In the introduction to his excellent book Relational Judaism (2013), Dr Ron Wolfson relates a frightening story of synagogue membership decline. In the year 2000, one of the largest congregations in North America celebrated its 100th anniversary in style. It had a membership of nearly 1,500 households, huge by American standards. But, just 10 years later, Wolfson visited the same shul which was by now a million dollars in debt with a membership that had shrunk to just 300 households. What had gone so badly wrong?
It turned out that the leadership of the community had in fact noticed some subtle signs that their persistently high membership rates would not always be as reliable as they once were. The demographics of the area were changing, the building was ageing, and their beloved long-serving rabbi was approaching retirement. So, they began a programme of rejuvenation and investment in the community, hiring extra personnel and putting on expensive and lavish programmes that promised the earth to attendees. And then they waited to see the expected results in membership growth that sadly never came.
The reason the membership didn’t grow has to do with an interesting feature of the recent JPR report into declining synagogue membership in the United Kingdom. Various aspects of the report have generated healthy debate across the community, which can only be a good thing. But the authors of the report admit that they faced a challenge in how best to measure the data.
Historically, synagogue membership has always been based upon the number of households within a community. In order to ensure statistical continuity with earlier membership studies, that was the model adopted by the authors of this report, too. They acknowledge, however, that it would be more accurate nowadays to express membership statistics in terms of individual adult members, rather than family units.
There are a number of practical reasons for this, including the existence of families in which only one parent is Jewish, partners who hold different synagogue memberships, as well as adult children living with their parents who are members in their own right.
But the real significance of this point arguably goes far beyond a mere practicality.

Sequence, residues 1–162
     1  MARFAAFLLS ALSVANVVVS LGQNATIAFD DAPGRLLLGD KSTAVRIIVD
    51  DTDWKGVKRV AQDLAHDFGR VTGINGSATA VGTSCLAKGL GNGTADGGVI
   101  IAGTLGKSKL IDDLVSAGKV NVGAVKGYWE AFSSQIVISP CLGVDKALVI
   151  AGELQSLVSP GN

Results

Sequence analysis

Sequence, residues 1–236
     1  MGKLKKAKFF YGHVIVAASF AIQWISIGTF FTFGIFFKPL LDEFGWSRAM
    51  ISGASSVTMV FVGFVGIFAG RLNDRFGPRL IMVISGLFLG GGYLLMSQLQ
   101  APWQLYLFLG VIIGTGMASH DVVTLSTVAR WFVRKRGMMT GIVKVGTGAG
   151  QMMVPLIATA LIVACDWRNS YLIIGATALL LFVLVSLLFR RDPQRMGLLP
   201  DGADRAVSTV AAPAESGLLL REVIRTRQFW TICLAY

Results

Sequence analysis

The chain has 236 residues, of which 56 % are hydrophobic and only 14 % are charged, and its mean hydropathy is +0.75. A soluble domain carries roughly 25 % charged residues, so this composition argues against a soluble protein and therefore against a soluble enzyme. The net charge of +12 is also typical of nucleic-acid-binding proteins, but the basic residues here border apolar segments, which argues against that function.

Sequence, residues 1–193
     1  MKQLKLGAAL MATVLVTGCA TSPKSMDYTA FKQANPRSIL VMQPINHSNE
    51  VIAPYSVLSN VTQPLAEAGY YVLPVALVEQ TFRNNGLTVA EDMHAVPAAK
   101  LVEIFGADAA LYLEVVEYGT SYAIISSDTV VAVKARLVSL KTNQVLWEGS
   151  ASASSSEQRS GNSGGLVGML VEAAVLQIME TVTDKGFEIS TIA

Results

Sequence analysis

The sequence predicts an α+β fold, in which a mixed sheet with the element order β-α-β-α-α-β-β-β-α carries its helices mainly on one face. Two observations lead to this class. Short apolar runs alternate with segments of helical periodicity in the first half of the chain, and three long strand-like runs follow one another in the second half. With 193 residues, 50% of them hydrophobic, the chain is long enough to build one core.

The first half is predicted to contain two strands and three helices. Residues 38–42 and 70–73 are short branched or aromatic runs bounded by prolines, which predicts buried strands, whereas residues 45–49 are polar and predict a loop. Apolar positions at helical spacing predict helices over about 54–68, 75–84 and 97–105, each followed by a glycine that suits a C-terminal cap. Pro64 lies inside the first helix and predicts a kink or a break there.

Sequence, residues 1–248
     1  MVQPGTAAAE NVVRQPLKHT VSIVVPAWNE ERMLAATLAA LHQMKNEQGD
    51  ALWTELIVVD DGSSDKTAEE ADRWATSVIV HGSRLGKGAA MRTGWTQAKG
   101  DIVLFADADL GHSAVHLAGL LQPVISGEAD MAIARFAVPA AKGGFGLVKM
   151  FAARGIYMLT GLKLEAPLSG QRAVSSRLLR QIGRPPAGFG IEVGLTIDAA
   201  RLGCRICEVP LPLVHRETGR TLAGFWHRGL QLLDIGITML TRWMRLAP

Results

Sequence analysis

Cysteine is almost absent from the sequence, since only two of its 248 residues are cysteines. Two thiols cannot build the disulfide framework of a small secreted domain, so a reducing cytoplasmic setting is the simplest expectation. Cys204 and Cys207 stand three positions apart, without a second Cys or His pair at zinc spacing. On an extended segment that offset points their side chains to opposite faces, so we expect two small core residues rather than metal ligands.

One of the most critical tasks of any synagogue is to look itself squarely in the eye and ask whether it is caring and catering for all of its members, without exception. To be sure, shuls routinely declare that they indeed do so. But there can be a world of difference between making a declaration and ensuring that it filters through into practice.
The real reason for the free-falling membership of that American shul, according to Wolfson, was that they failed to develop deep relationships with the individuals who came to their new, dynamic and exciting programmes. And just when the shul needed the nurturing of those relationships most, people were treated as statistics attending events, rather than as individuals whose lives, issues and dilemmas really mattered to the shul leadership. And without that, there was only one direction the shul would go. “People will come to synagogues and other Jewish organisations for programmes”, argues Wolfson, “but they will stay for relationships”.
The notion of identity has never been more fluid than it is today. People fundamentally deserve to be related to as individuals rather than assumed to fit into a neatly defined “household” box. In addition, as they journey through life, many people experience changes in circumstance which impact upon the way in which they perceive their Jewish identity. By contrast, there is one thing which remains entirely constant for every shul member throughout his or her entire life. That is the fact that they are unique individuals, with unique hopes, dreams, doubts and aspirations.
This is why a move towards measuring membership in terms of individuals rather than households may just be the critical shift in thinking that the mainstream British Jewish community needs to undergo.
A relationship with “households” is not the same as a relationship with “individuals”. And if we accept, to paraphrase Martin Buber, that “in the beginning, there is the relationship”, then this is where our primary efforts at membership engagement and growth must be directed.
When a shul learns to relate to its members as individuals, rather than part of a particular demographic group or household statistic, they will be able to unlock the key to the ultimate elixir of community growth.
Rabbi Birnbaum is Rabbi of the Hadley Wood Jewish Community